Matthew 14:18 Bring them here to me.

Spoken to: 

Apostles

Context: 

Large gathering needs to be fed, find only 5 loaves and two fishes

Greek : 

Literal Verse: 

Get them [the bread and fishes] here to me.

KJV : 

Matthew 14:18 Bring them hither to me.

Interesting and Hidden Aspects: 

Christ responds here to the apostles who tell him that there are only five loaves and two fishes. However, notice he isn't specific. The sense is that Christ is talking about bringing whatever we need more of to him. Interestingly, the word used for "bring" is the same word used to describe bearing burdens and producing things..

NIV : 

Matthew 14:18 Bring them here to me,

Greek Vocabulary: 

Φέρετέ [15 verses](verb 2nd pl pres imperat act) "Bring" is from pherô, which means "to bear", "to carry", "to bring", "to produce," and "to fetch."

μοι (pron 1st sg masc dat) "To me" is from moi, which means "I", "me", and "my".

ὧδε [29 verses] (adv) "Hither" is hode, is in the form of an adverb, which, with verbs of action and with a person (its use here), it means "here" as in "here I am" in the sense of "I am present." As a demonstrative pronoun, it means "this" in the sense of "what is present" and "what can be seen."

αὐτούς. (adj pl masc acc) "Them" is from autos, which means "the same," and the reflexive pronouns, "myself", "yourself", "himself", "herself", "itself," or the oblique case of the pronouns, "him", "her," and "it." It also means "one's true self," that is, "the soul" as opposed to the body and "of one's own accord."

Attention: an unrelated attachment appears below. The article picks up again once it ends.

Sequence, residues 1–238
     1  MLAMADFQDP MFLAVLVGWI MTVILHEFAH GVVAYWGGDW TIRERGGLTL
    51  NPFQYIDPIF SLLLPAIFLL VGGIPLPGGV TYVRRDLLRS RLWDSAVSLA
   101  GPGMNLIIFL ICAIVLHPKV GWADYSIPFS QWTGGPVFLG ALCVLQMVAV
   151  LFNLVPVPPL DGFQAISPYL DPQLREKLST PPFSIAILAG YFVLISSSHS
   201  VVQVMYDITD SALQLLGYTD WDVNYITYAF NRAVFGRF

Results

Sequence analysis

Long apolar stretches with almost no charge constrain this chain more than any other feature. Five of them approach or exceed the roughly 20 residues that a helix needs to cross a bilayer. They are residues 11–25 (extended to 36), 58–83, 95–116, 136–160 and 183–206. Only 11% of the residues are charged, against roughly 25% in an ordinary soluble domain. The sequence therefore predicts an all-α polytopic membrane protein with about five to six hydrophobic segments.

KJV Analysis: 

Bring  - The word translated as "bring" means "to bear", "to carry", "to bring", "to produce," and "to fetch." It is the base of a lot of words Christ uses commonly, including the words that mean "bring together", "bring to," and "bring through." Its use is more like our use of the word "get."

them  - -- The word translated as "them" is the Greek word commonly translated as third-person pronouns in English.  "Them" refers to the bread loaves and fishes, both of which are masculine words.

hither  - "Hither" is from an adverb that with verbs of action and with a person (its use here), it means "here" as in "here I am" in the sense of "I am present."

to -- This word "to" comes from the dative case of the following word that requires the addition of a preposition in English. The most common is a "to" for the English indirect object.

me. -- The "me" is in the dative first-person pronoun, which has a number of uses in Greek but is most often the indirect object.

KJV Translation Issues: 

0

NIV Analysis: 

Bring  - The word translated as "bring" means "to bear", "to carry", "to bring", "to produce," and "to fetch." It is the base of a lot of words Christ uses commonly, including the words that mean "bring together", "bring to," and "bring through." Its use is more like our use of the word "get."

them  - -- The word translated as "them" is the Greek word commonly translated as third-person pronouns in English.  "Them" refers to the bread loaves and fishes, both of which are masculine words.

here - "Here" is from an adverb that with verbs of action and with a person (its use here), it means "here" as in "here I am" in the sense of "I am present."

to -- This word "to" comes from the dative case of the following word that requires the addition of a preposition in English. The most common is a "to" for the English indirect object.

me. -- The "me" is in the dative first-person pronoun, which has a number of uses in Greek but is most often the indirect object.

NIV Translation Issues: 

0

Front Page Date: 

Jan 10 2021